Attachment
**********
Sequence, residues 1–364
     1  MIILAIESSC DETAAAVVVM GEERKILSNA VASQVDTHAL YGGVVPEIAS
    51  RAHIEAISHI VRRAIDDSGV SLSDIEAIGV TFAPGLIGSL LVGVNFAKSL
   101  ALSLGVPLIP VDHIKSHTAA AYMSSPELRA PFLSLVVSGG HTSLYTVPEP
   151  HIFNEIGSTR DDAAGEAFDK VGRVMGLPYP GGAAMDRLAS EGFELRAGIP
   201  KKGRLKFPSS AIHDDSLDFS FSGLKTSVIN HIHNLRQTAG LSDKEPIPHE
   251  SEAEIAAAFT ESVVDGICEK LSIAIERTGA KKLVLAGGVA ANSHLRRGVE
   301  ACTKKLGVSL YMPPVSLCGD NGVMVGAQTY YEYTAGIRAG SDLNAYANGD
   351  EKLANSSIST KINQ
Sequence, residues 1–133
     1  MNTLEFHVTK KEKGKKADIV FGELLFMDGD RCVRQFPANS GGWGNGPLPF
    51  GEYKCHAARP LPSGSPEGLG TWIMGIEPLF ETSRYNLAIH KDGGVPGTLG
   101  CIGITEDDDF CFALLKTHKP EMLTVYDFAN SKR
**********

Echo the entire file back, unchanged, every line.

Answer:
Sequence, residues 1–364
     1  MIILAIESSC DETAAAVVVM GEERKILSNA VASQVDTHAL YGGVVPEIAS
    51  RAHIEAISHI VRRAIDDSGV SLSDIEAIGV TFAPGLIGSL LVGVNFAKSL
   101  ALSLGVPLIP VDHIKSHTAA AYMSSPELRA PFLSLVVSGG HTSLYTVPEP
   151  HIFNEIGSTR DDAAGEAFDK VGRVMGLPYP GGAAMDRLAS EGFELRAGIP
   201  KKGRLKFPSS AIHDDSLDFS FSGLKTSVIN HIHNLRQTAG LSDKEPIPHE
   251  SEAEIAAAFT ESVVDGICEK LSIAIERTGA KKLVLAGGVA ANSHLRRGVE
   301  ACTKKLGVSL YMPPVSLCGD NGVMVGAQTY YEYTAGIRAG SDLNAYANGD
   351  EKLANSSIST KINQ
Sequence, residues 1–133
     1  MNTLEFHVTK KEKGKKADIV FGELLFMDGD RCVRQFPANS GGWGNGPLPF
    51  GEYKCHAARP LPSGSPEGLG TWIMGIEPLF ETSRYNLAIH KDGGVPGTLG
   101  CIGITEDDDF CFALLKTHKP EMLTVYDFAN SKR